Cricket Australia executives are urgently trying determine the impact of a three-day lockdown in Brisbane on next week's fourth Test at the Gabba, which was already under a cloud because of India's hesitation to fly north and be subjected to tighter biosecurity restrictions.
A hotel quarantine worker's positive test to the more contagious UK strain of COVID-19 is the latest spanner in the works for CA's hopes to close out the Border-Gavaskar Trophy series at the Gabba.
Indian great Sunil Gavaskar, in Australia commentating on the current series, says India’s governing body has the right to stand up for its players.Credit:Getty
But there were further reports of Indian concerns in the media on the subcontinent that quoted BCCI sources.
India great Sunil Gavaskar, who is in Australia commentating for Channel Seven, said the tourists were just "asking to be treated the same as everybody else".
“In Sydney, there are people coming to the ground and then going back and having dinner at a restaurant or having a gathering of 20, 30 people in a pub," Gavaskar said in commentary on Friday.
"What they're saying is they should also be allowed to do something similar. You could have a situation where the ball goes into the crowd, somebody from the crowd touches the ball. One can understand that. One can understand why they're feeling that way.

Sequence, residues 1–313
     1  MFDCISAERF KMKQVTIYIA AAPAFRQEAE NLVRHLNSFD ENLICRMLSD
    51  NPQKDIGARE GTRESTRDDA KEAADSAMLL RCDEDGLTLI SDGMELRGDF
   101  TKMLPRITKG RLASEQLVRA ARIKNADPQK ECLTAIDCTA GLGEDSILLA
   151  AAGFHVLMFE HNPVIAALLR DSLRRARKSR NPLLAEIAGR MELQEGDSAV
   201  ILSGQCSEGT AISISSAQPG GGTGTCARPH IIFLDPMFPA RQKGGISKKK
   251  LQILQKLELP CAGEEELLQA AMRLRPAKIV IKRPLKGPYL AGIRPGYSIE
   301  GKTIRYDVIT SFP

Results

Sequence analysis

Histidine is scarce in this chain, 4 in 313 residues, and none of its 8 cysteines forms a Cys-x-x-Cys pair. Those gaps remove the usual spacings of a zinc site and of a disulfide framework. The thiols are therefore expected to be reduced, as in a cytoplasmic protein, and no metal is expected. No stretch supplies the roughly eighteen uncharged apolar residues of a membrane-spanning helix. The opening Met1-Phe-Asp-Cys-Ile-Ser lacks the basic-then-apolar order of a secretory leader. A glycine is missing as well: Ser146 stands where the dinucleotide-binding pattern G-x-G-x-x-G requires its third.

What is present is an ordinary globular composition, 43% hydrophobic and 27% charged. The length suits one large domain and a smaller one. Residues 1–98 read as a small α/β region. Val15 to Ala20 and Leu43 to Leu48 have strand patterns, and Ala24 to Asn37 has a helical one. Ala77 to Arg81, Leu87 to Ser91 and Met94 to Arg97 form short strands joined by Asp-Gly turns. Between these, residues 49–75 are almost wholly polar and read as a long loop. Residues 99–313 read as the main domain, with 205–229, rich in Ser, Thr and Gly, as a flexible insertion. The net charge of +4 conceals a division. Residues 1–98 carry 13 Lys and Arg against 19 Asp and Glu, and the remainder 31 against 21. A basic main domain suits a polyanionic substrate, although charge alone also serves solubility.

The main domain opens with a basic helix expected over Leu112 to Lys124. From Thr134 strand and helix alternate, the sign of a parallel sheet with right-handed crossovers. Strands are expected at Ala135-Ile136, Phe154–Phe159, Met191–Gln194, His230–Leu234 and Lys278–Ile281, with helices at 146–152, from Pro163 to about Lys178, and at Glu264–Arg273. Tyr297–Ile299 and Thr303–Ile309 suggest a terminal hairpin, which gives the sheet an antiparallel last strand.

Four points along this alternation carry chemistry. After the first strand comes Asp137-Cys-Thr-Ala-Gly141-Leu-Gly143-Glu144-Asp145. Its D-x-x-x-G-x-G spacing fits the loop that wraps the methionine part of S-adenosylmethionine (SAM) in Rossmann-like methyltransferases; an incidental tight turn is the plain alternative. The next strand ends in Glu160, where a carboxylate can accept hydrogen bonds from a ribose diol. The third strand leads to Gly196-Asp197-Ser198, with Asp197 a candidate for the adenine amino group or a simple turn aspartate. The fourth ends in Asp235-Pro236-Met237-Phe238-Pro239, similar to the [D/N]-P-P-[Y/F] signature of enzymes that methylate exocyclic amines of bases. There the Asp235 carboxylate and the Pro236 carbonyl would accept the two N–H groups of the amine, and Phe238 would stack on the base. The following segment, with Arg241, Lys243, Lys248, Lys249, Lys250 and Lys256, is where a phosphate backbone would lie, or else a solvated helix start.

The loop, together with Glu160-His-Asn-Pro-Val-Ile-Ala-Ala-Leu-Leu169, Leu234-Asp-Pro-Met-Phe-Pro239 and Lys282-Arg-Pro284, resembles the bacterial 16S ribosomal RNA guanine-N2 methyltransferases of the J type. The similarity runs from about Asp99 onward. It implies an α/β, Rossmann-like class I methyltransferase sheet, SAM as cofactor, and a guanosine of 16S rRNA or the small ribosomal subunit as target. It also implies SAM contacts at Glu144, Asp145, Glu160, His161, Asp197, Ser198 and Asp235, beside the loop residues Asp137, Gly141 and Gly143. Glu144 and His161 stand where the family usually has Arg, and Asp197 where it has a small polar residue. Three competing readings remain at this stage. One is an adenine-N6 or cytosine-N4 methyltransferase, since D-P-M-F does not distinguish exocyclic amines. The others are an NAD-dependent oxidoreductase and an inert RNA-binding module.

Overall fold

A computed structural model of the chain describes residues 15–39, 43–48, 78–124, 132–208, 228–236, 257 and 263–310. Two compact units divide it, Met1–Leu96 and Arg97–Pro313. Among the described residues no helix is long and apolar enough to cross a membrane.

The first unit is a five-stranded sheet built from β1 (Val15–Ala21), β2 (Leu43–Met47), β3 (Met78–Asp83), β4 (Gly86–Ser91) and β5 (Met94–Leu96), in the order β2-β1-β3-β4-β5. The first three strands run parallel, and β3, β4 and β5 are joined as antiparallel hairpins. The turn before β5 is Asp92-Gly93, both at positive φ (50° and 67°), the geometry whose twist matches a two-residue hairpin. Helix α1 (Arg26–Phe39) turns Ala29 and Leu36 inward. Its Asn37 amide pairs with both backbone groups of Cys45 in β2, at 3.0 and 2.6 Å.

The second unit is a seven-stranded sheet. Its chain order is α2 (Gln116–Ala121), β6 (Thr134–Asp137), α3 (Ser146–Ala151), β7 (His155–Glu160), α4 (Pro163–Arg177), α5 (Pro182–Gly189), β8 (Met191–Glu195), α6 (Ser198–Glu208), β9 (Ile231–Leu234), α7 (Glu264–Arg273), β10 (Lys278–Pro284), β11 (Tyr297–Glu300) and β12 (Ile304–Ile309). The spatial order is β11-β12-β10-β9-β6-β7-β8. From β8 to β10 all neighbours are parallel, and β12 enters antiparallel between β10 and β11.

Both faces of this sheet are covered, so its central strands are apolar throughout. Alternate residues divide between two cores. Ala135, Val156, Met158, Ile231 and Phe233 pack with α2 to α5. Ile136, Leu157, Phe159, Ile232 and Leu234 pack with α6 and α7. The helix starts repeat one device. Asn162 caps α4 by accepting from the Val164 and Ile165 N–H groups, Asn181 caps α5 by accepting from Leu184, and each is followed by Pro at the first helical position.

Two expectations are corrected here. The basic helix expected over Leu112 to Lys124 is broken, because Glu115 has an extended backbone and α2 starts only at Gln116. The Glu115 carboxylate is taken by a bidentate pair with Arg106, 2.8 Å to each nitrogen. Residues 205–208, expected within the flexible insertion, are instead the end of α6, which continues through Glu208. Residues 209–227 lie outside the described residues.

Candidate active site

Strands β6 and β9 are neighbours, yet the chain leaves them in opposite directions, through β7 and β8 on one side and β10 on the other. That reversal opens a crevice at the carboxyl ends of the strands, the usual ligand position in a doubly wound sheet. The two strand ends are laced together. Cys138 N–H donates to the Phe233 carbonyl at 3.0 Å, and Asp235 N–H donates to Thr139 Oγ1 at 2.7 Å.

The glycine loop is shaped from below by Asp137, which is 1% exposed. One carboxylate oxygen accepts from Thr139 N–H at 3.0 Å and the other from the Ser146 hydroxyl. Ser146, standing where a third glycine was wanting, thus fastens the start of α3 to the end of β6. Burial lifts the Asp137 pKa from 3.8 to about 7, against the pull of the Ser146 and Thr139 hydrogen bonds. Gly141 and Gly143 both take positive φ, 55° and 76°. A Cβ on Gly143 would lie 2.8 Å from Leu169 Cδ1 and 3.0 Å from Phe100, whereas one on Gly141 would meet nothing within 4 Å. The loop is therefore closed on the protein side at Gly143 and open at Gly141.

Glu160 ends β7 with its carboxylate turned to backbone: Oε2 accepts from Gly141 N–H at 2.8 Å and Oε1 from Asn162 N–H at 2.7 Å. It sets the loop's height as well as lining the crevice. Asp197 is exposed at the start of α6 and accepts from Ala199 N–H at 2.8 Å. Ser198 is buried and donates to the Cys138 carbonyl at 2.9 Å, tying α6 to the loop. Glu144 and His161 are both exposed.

“The Queensland government is fully entitled to protect its people. Similarly I believe the Board of Control for Cricket India is fully entitled to protect its team. I think that’s something we should never forget.”
ESPNCricinfo quoted a BCCI official saying the Indians on the ground in Australia were worried about being confined by the Queensland government to their hotel rooms or floors and not being able to eat together.
"It is too taxing for the boys, asking them to travel to Brisbane and be in the jail for another five days," the official was quoted as saying.
Whether or not India will be further spooked by the sudden escalation of restrictions in Brisbane, the latest development appears unlikely to allay their fears.
Former CA chairman Bob Merriman predicted the BCCI would side with its players.
"My experience is India will do what the senior players want to do." said Merriman, who led the Australian board from 2001 to 2005.
"So I think you'll find it will come back to what the senior players in the Indian team are comfortable with. Therefore the Australian people have got the task of convincing the leading Indian players and particularly the captain of what they want to do."
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